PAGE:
An industry survey showed that fires occurred far more often in gasoline vehicles than electric.

An industry survey showed that fires occurred far more often in gasoline vehicles than electric.

Image: Canva

A common concern raised when it comes to new electric school buses is just how secure drivers, passengers, and parents can feel about the batteries that power them.

How risky, we all wonder, is this zero-emission future?

The World Resources Institute’s Electric School Bus Initiative recently published a report that seeks to alleviate those concerns as part of the organization’s All About series.

The ESBI report offers four primary takeaways:

  • Electric school buses are designed and built to be safe.
  • The batteries are extensively tested.
  • Batteries are equipped with rigorous safety mechanisms.
  • Safety training for technicians and first responders is important.

School bus fires are rare in both fossil-fuel powered and battery-driven vehicles, with no recent bus fire-related deaths reported to the National Fire Incident Reporting System. However, the ESBI indicates that statistics suggest gasoline or diesel vehicles are more likely to catch fire than electric vehicles.

According to an industry survey, 1,529 fires were reported per 100,000 gas vehicles, with 25.1 fires per 100,000 electric vehicles.

What else did the ESBI find?

Power of Testing and Safeguards

Batteries used in electric vehicles – and the systems that monitor and control them - are held to high standards and subjected to testing before they can be sold.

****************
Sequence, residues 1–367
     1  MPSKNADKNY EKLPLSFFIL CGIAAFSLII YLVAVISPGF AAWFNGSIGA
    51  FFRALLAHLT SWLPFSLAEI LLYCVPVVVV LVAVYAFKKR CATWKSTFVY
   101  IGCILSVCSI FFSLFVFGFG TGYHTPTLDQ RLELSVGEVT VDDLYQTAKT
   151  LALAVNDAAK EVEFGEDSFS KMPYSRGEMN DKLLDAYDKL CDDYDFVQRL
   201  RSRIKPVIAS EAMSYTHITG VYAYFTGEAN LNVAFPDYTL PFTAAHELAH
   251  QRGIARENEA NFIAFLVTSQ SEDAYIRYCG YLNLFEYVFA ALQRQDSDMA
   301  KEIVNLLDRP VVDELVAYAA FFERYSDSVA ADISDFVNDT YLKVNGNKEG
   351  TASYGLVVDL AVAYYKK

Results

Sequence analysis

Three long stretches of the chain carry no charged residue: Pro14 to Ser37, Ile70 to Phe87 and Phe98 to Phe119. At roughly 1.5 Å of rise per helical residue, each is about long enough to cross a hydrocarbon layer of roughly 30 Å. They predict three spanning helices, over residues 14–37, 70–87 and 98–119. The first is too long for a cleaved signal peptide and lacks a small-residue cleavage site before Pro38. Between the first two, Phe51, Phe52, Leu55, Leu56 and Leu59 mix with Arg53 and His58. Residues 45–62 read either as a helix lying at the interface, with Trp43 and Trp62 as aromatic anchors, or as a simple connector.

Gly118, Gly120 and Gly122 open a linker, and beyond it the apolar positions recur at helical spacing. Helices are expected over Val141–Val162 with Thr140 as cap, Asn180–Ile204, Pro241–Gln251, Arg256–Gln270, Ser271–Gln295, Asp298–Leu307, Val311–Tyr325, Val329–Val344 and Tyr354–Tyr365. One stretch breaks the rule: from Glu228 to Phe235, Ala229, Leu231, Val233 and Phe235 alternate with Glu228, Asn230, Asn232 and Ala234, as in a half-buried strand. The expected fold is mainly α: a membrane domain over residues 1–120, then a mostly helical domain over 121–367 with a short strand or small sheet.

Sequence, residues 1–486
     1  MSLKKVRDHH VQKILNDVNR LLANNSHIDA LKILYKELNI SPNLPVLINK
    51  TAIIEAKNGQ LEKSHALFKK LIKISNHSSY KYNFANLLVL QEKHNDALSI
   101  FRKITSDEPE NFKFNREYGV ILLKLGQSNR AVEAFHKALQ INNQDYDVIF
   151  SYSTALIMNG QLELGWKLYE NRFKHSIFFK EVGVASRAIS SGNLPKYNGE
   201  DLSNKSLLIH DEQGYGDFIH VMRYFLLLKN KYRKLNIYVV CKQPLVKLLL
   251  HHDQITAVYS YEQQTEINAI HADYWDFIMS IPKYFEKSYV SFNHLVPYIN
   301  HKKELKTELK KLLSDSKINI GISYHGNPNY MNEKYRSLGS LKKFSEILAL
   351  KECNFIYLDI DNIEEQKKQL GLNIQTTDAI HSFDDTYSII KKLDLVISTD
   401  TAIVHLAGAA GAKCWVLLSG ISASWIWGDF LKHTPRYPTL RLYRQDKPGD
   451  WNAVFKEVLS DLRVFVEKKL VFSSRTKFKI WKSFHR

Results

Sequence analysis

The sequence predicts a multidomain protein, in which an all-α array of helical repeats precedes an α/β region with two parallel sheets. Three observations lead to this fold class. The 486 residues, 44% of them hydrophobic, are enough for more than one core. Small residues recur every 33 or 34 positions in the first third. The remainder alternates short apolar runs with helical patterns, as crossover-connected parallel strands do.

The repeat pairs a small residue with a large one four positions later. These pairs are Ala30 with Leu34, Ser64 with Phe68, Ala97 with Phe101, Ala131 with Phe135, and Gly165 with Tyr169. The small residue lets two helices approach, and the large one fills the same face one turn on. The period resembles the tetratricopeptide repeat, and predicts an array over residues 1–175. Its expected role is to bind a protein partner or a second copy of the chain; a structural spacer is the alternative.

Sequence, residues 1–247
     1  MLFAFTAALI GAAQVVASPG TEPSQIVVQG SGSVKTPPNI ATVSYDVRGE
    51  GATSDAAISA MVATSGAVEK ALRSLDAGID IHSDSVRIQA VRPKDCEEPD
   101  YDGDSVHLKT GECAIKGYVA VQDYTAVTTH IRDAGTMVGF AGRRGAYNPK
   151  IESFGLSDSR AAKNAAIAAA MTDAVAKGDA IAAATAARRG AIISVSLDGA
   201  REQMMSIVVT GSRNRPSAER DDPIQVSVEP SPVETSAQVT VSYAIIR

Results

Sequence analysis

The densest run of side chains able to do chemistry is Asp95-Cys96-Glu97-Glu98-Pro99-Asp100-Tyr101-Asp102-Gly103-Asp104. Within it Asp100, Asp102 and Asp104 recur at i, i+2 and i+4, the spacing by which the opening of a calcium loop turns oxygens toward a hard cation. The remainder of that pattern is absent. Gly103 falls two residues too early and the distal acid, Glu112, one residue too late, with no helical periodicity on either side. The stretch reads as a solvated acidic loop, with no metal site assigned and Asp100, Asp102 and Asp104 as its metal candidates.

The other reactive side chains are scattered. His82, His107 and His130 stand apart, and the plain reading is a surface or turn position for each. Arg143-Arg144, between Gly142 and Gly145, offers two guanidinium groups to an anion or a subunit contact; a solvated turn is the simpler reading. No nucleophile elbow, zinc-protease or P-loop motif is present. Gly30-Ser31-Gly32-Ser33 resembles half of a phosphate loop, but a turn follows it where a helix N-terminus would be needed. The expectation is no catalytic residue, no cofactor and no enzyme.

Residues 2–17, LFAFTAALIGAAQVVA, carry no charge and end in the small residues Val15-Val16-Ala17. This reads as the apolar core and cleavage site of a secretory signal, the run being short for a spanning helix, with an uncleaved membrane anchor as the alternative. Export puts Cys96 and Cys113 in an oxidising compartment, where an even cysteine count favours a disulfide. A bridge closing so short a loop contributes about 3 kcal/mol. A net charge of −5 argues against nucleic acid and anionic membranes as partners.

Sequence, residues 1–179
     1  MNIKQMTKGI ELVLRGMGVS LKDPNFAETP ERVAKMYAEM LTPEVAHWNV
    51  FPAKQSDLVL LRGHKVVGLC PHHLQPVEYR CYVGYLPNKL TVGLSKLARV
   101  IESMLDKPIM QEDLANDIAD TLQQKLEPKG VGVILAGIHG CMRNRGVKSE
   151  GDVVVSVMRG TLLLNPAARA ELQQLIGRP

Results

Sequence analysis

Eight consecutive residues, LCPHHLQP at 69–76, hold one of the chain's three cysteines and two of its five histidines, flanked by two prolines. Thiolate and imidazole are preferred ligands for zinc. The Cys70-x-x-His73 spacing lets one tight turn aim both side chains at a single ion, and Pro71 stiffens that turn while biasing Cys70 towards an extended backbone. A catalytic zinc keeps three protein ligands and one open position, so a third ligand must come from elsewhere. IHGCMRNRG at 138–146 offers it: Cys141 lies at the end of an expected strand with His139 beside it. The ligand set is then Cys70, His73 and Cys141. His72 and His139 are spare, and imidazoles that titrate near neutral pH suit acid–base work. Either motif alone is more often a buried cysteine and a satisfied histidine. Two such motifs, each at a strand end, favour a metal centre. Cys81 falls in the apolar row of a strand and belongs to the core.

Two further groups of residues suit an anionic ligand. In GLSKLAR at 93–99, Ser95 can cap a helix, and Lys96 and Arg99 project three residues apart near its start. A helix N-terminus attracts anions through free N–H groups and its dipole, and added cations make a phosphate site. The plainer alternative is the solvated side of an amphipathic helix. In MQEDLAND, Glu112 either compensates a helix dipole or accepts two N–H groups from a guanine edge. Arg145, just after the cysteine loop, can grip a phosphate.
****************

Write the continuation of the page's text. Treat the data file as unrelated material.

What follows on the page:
Lithium-iron-phosphate (LFP) batteries used in most electric school buses are said to have better thermal stability than nickel-manganese-cobalt (NMC) batteries found in electric cars. “This thermal stability ensures that the battery structure remains intact for longer than for electric cars even during high temperatures and decreases the chances that fires spread,” the ESBI reported.

Battery packs are enclosed in a durable metal casing kept between the guard rails of the bus chassis for maximum protection.

“This area is often referred to as the vehicle’s safety zone as it is separated from passengers by a structural barrier and away from the front of the bus where collisions are more common,” the report stated.

Batteries are managed with temperature controls, including an active cooling system that helps maintain an optimal temperature. Electric buses also use automatic electrical disconnects in the event of crash or short circuit, and “passive propagation resistance” or PPR that helps detect and isolate individual battery cells undergoing a thermal event.

Benefits of Training

Electric bus fires are rare, but it's still important to train technicians and first responders...

Electric bus fires are rare, but it's still important to train technicians and first responders to handle the unique effects associated with these vehicles, including arcing, ejected metal, and conductive soot.

Image: National Transportation Safety Board

Despite testing and safeguards, electric buses aren’t entirely immune to fires.

In July 2022, as an example, an electric transit bus in Connecticut caught fire while it was in a maintenance facility awaiting examination by the manufacturer due to problems with the vehicle. That incident remains under investigation by the National Transportation Safety Board.

Technicians and first responders should be trained to handle such incidents, which can include effects such as arcing, ejected metal, and conductive soot.

The ESBI recommends high-voltage training for maintenance staff and early engagement with first responders to make sure all personnel are on the same page when it comes to effectively coping with the rare incidents involving this new and evolving technology.

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